July 10,1962: The three-point seatbelt gets patented in the United States
It might not look hip for some, but seatbelts are vital to a safe car ride. They’re also great for avoiding a potential run-in with the cops. Thankfully, we have one Swedish engineer to thank for keeping us secure on the road.
Bohlin for a plan
With a diploma in mechanical engineering, Nils Bohlin was destined to improve the quality of mechanics. One of his first major projects was creating ejection seats for Saab AB. Word of his abilities quickly reached Volvo, who hired him in 1958. The company looked at ways to improve seatbelts in their cars. Automobiles featured two-point seatbelts often found in planes. Upon impact, these seatbelts did little to protect everyone in the vehicle.
Table for three
Bohlin quickly got to work on upgrading seatbelts for Volvo vehicles. In less than a year, he came up with the perfect solution: three-point seatbelts. This seatbelt added an additional belt to protect the body from impact. Volvo loved the idea and implemented it in their 1959 Volvo 122. The car originally had two-point seatbelts, but those were swapped.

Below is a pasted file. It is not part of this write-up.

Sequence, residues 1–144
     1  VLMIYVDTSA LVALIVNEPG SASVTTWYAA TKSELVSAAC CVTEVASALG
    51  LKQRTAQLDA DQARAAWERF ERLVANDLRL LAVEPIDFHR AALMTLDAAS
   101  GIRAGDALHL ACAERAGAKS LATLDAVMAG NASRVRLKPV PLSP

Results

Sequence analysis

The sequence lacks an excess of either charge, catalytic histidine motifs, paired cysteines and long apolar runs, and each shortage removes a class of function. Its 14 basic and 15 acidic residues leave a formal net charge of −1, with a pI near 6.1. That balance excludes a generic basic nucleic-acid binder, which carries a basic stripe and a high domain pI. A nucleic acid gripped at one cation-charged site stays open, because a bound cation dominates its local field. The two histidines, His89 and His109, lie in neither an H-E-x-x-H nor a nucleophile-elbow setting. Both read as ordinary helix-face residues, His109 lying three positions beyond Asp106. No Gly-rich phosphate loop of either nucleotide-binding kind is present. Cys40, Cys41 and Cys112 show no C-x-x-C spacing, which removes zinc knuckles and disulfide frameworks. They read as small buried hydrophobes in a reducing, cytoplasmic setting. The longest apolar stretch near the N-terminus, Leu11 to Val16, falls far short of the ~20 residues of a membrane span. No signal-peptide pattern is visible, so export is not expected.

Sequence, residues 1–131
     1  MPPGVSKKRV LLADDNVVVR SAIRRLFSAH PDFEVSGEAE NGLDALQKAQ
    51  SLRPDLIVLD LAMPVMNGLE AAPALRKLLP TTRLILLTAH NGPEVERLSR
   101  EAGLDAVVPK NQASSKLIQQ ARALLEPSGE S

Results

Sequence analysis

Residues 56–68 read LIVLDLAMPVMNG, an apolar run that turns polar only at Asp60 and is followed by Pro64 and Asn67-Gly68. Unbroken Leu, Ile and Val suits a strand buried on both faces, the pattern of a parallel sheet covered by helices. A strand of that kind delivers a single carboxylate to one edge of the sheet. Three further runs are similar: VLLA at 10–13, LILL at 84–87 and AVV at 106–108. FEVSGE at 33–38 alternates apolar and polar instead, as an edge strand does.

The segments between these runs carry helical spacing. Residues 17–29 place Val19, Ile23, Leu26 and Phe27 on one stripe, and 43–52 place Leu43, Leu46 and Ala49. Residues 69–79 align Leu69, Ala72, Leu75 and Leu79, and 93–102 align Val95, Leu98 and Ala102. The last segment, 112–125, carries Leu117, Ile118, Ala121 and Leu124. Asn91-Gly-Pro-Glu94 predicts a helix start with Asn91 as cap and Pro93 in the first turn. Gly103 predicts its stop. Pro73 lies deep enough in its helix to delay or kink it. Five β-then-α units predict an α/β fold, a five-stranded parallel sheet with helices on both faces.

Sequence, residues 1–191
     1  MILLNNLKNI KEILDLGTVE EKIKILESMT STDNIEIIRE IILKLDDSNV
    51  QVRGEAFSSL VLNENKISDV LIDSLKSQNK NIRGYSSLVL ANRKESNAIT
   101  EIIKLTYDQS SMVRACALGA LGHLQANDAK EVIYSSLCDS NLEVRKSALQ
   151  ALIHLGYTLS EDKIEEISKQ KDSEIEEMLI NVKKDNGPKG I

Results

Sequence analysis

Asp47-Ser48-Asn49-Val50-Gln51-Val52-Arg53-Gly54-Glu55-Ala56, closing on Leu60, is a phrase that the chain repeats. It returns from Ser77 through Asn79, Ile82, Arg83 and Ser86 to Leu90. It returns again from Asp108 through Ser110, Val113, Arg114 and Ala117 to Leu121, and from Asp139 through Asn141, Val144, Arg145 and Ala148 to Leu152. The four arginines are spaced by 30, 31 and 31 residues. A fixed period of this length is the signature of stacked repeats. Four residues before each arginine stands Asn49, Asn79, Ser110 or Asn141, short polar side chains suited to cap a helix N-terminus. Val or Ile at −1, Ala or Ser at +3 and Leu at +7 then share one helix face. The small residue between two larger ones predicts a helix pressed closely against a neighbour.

Seatbelts for everyone
While Volvo had the three-point seatbelt in their possession, they did something groundbreaking. They allowed other manufacturers to use this seatbelt for their own vehicles. It wasn’t about being the only person on the block with this protective device. They wanted all drivers to feel protected on those long drives.
On July 10, 1962, the United States Patent Office gave Bohlin a patent for his seatbelt. Six years later, all vehicles had this seatbelt installed. “One of the most significant developments in our industry for saving lives and reducing injury has been the three-point seat belt,” former Volvo president Vic Doolan said in a press release. Bohlin might not be instantly recognizable by name, but he’s probably one reason you’re alive today.